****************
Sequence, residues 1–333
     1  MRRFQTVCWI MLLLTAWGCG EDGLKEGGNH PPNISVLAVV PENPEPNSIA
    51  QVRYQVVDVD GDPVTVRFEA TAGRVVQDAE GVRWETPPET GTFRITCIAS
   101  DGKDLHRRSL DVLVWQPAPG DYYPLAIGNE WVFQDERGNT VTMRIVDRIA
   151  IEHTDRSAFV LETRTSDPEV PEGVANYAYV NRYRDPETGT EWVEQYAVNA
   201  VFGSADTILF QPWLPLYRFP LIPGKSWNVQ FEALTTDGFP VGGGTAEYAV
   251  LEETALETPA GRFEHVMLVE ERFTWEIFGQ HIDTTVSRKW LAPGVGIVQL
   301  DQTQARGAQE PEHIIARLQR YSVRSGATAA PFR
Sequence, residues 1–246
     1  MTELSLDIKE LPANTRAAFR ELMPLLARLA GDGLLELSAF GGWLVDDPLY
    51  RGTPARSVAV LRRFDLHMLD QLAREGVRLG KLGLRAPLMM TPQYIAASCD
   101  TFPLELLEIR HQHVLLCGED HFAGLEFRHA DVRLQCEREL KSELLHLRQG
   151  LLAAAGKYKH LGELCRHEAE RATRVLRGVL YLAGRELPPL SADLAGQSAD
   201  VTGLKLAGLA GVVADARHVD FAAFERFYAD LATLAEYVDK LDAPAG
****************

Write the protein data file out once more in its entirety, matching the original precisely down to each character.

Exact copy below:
Sequence, residues 1–333
     1  MRRFQTVCWI MLLLTAWGCG EDGLKEGGNH PPNISVLAVV PENPEPNSIA
    51  QVRYQVVDVD GDPVTVRFEA TAGRVVQDAE GVRWETPPET GTFRITCIAS
   101  DGKDLHRRSL DVLVWQPAPG DYYPLAIGNE WVFQDERGNT VTMRIVDRIA
   151  IEHTDRSAFV LETRTSDPEV PEGVANYAYV NRYRDPETGT EWVEQYAVNA
   201  VFGSADTILF QPWLPLYRFP LIPGKSWNVQ FEALTTDGFP VGGGTAEYAV
   251  LEETALETPA GRFEHVMLVE ERFTWEIFGQ HIDTTVSRKW LAPGVGIVQL
   301  DQTQARGAQE PEHIIARLQR YSVRSGATAA PFR
Sequence, residues 1–246
     1  MTELSLDIKE LPANTRAAFR ELMPLLARLA GDGLLELSAF GGWLVDDPLY
    51  RGTPARSVAV LRRFDLHMLD QLAREGVRLG KLGLRAPLMM TPQYIAASCD
   101  TFPLELLEIR HQHVLLCGED HFAGLEFRHA DVRLQCEREL KSELLHLRQG
   151  LLAAAGKYKH LGELCRHEAE RATRVLRGVL YLAGRELPPL SADLAGQSAD
   201  VTGLKLAGLA GVVADARHVD FAAFERFYAD LATLAEYVDK LDAPAG